Entrepreneurship culture and mindset

The Maltese tech scene, as it currently operates, does not support and prepare startups for the type of growth required by Venture Capital investors. The few Maltese success stories we can boast of, Hotjar and Altaro, happen despite the system and did not benefit from any venture capital funding. The problem is compounded because startups in Malta have to deal with the ever-increasing banking requirements, a lack of access to finance (symptomatic of Europe at large), and the lack of talent and human resources to find product market fit and eventually scaling to international relevance.


The local funding environment for startups currently only delivers investors that are simply in it for the money: they want to see financial returns in a reasonable period of time, and push their founders to run their startups as an income-earning investment, like real estate.


Startups are a bet that the future will be radically different from the present, and they are valuable on the way up because they are, effectively, setting out to discover whether a project, deliberately fraught with uncertainty, may one day become a scalable and repeatable business. The only goal for any given startup right now is to grow, explore and earn the right to keep growing and exploring. It does not happen according to a business plan, within a timeframe of milestones. It happens because of talent, grit and as part of a community of growth-mindset individuals willing it onward. To do this in a systematic way will take time and only the right type of investors can contribute positively to this.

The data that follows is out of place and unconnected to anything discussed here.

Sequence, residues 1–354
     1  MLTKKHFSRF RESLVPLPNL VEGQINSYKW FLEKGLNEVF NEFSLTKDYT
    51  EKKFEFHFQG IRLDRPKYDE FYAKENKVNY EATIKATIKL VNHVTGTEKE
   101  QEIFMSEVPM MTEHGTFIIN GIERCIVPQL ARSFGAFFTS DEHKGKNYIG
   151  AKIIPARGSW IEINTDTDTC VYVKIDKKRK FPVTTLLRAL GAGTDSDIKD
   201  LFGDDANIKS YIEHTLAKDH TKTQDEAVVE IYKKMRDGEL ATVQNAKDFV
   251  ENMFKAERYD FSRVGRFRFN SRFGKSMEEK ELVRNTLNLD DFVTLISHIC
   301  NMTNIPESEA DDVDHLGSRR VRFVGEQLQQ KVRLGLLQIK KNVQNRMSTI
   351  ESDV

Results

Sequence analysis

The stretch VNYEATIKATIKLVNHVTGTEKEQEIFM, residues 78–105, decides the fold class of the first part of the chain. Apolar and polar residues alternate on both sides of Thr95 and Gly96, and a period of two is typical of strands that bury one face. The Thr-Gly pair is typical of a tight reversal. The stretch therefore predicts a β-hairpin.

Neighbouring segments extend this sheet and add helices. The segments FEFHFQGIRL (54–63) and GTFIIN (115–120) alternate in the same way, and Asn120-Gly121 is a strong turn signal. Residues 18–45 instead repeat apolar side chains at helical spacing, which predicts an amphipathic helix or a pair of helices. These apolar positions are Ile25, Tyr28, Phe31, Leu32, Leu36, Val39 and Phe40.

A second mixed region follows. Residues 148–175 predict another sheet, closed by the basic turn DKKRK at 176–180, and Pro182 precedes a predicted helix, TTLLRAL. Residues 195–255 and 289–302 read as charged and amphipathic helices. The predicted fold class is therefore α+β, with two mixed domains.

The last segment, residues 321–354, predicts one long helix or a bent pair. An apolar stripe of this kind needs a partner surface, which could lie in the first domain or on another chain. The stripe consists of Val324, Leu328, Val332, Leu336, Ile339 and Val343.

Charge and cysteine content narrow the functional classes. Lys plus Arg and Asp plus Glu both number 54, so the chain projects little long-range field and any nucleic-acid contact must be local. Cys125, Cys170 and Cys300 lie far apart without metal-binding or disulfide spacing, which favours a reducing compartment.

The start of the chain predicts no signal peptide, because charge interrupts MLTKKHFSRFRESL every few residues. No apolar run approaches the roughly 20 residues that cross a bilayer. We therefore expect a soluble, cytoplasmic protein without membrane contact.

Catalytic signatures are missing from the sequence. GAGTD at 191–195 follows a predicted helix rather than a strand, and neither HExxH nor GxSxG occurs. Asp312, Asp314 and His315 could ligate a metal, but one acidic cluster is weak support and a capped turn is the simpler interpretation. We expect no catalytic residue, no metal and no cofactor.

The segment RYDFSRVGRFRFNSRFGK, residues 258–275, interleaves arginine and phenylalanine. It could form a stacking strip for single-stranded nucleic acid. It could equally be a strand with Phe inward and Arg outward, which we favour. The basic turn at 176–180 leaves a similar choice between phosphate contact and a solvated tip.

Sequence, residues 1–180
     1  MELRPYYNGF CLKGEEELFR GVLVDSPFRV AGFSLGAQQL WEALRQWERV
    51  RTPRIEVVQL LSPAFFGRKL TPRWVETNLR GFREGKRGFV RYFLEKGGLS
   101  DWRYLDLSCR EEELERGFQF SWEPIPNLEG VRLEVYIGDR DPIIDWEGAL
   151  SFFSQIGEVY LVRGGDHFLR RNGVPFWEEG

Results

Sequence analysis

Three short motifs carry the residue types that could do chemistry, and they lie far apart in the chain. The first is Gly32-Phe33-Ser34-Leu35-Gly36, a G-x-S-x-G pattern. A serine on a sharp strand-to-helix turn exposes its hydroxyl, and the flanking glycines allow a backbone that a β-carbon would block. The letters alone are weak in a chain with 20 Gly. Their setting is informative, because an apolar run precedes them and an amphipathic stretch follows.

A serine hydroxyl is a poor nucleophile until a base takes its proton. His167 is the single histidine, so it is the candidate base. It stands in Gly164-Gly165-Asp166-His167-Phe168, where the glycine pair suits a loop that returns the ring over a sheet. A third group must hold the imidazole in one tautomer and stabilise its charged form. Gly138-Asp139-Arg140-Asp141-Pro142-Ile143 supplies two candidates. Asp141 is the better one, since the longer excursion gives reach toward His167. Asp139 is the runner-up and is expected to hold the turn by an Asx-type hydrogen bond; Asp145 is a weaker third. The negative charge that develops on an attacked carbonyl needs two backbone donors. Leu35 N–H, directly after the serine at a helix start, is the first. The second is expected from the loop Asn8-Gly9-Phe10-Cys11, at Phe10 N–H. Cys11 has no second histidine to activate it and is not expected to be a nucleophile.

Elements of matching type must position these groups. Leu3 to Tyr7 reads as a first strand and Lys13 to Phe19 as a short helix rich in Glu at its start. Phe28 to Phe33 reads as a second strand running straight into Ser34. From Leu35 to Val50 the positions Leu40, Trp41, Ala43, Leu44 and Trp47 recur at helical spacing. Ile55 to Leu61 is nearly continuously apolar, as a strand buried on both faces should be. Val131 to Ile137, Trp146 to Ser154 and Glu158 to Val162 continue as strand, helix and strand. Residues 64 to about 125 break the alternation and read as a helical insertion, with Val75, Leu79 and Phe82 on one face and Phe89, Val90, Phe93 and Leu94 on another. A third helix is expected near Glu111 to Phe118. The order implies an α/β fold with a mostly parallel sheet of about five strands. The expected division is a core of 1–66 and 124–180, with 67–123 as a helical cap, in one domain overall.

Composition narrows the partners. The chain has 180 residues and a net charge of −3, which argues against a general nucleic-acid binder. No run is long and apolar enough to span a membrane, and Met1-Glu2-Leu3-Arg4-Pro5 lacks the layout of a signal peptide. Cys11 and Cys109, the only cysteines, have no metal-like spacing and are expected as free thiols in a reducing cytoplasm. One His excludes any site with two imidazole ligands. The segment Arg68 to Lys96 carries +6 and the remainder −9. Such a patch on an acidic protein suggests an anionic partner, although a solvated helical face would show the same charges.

How do we cultivate a growth and infinite mindset?


Malta’s new startup guard is already finding success internationally. Names such as Weavr, eCabs, EBO and Peaq are the most prominent. Still, Malta startup success stories are too few and far between for traditional investors to have a measurable benchmark to view startups as a real opportunity. They are a riskier alternative to more traditional investment opportunities, most significantly real estate investing. Yet investors fail to see the opportunity cost of this sort of systemic thinking. Consider the following 10-year historical benchmarks 2012-2022: